Warsaw was heavily bombed during the Second World War, and the Old Town was systematically blown up by the German army in reprisal for the Warsaw Uprising by the Polish resistance in 1944. After hostilities ceased, the medieval buildings of the Old Town were carefully reconstructed using the original bricks wherever possible, and today there is no clue that the entire area was once a heap of rubble. One boon of the reconstruction was that the new houses were linked to a district heating system rather than having individual boilers, which means that the city has far less pollution than Krakow. But an efficient heating system isn’t the only thing Warsaw has going for it: it does a mean line in Communist-era milk bars, too.

8. London to Marseille, France from £30* return

Marseille is the perfect place for culture boffs, as it boasts a vibrant street art scene along with cutting-edge museums and galleries – not least the mysterious black cube that is the Museum of the Civilisations of Europe and the Mediterranean (open daily (except Tuesdays) 11am to 7pm, entry €9.50). When your long day of gallery hopping is done, head to the old port for an apero or two while you watch the sun set – Bar de la Marine (15 Quai de Rive Neuve) is the perfect place for a pastis. For more things to see in Marseille, from an enormous golden statue of the Virgin Mary to exotic markets, check out our guide.

9. Glasgow to Bucharest, Romania from £31* return

Thanks to its tree-lined boulevards, Belle Époque buildings and reputation for the high life, Bucharest has earned the nickname ‘Little Paris’. After a walk in the beautiful old town, discover Hanul lui Manuc (open 8am to 11.30pm), one of Europe’s few remaining caravanserais. Built two centuries ago by Emanuel Manuc, an Armenian and one of the richest and most influential merchants of his time, it provided lodging and shelter for the caravans on their trade routes. Today it hosts events and is filled with restaurants, some Romanian – the perfect place to try a traditional mint lemonade. And there’s always Bucharest’s most notorious building, the colossal Palace of the Parliament, former home of dictator Nicolae Ceaușescu, and one of our top ten picks for the city.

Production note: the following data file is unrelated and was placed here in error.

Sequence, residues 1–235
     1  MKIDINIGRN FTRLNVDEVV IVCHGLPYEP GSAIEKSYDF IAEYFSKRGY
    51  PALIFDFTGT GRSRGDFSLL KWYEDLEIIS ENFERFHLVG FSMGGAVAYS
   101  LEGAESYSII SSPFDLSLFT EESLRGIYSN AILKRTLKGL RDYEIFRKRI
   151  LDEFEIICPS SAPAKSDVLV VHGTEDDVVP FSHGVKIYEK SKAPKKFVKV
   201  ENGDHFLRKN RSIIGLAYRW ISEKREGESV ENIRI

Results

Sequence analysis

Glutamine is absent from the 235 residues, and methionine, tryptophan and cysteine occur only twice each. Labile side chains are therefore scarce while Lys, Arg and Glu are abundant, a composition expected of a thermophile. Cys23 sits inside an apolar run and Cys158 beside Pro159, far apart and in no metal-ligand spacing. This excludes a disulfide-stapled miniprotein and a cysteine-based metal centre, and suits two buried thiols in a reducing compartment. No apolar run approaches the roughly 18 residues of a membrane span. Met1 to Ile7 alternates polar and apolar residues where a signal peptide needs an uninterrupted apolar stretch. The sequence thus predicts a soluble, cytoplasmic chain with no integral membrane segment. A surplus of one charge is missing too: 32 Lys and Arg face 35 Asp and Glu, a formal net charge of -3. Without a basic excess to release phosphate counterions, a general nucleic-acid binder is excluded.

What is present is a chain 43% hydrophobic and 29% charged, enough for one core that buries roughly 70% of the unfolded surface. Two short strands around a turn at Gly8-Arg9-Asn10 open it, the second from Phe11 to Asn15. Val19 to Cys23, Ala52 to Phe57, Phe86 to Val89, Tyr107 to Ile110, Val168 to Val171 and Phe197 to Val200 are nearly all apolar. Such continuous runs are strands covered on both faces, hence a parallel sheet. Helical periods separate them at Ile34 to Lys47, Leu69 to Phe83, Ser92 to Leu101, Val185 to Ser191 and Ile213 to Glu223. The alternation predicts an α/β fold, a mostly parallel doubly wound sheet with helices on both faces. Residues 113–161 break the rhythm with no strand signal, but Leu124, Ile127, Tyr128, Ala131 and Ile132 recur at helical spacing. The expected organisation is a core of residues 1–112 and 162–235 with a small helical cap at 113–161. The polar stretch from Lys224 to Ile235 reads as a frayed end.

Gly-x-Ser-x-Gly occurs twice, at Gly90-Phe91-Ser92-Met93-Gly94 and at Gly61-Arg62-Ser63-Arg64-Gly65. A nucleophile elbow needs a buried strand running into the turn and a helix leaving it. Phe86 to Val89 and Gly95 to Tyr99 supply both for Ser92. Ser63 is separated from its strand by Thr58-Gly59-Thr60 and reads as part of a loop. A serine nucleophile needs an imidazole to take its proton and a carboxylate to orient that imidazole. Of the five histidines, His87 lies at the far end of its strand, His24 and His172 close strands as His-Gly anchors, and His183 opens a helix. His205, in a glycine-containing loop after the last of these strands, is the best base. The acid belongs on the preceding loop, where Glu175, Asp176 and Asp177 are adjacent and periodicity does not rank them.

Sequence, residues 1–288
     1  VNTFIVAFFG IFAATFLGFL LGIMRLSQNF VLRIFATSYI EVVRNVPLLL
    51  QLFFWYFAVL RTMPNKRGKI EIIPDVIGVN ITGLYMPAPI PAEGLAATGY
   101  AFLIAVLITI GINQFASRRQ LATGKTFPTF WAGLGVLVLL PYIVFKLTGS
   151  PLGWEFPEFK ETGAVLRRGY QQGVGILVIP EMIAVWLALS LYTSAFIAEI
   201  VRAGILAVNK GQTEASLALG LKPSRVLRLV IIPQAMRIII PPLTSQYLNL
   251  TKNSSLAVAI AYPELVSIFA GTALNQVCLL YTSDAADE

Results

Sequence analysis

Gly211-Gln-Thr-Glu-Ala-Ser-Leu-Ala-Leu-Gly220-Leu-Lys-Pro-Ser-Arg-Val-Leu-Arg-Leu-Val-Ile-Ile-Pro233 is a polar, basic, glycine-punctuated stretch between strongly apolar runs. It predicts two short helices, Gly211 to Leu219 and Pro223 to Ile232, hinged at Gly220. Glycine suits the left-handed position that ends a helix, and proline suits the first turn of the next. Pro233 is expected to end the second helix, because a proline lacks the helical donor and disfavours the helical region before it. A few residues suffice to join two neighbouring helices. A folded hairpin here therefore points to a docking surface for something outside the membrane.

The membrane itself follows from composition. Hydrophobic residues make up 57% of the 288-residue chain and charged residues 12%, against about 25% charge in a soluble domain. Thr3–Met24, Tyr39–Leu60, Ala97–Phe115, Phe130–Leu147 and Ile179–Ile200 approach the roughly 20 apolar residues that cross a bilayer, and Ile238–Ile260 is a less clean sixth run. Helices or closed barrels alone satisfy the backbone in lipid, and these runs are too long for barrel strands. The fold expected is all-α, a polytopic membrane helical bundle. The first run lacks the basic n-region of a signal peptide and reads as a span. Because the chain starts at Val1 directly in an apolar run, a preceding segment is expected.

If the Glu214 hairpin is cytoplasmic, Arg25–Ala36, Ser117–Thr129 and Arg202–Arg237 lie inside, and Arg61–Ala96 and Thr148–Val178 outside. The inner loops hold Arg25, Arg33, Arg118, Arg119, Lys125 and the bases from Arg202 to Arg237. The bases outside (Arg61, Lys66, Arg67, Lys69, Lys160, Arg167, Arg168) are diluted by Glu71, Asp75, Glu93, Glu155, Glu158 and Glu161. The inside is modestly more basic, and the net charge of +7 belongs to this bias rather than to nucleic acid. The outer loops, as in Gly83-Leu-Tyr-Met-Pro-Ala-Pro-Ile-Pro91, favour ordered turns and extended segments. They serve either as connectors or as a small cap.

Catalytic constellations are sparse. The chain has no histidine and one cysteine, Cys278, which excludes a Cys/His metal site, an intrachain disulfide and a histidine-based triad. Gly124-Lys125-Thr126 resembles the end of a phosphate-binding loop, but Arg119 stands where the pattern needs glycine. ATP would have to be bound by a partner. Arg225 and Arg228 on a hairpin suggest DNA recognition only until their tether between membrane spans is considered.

10. London to Madrid, Spain from £40* return

The Palacio Real de Madrid (Royal Palace of Madrid) is the official residence of the Spanish royal family – although you won’t find them there unless there’s a ceremony taking place. They actually live in Zarzuela Palace on the edge of Madrid in a building that’s a ‘mere’ 3,150 square metres in size – practically a shoebox compared to the enormous 135,000 square metre Royal Palace. In fact, the Royal Palace is the largest palace in Europe by floor area: Buckingham Palace is only around half the size at 77,000 square metres. The palace is open every day from 10am to 6pm, and entry costs €11. Now, for more ideas on what to see and do in Madrid, take some advice from a local.
Royal Palace of Madrid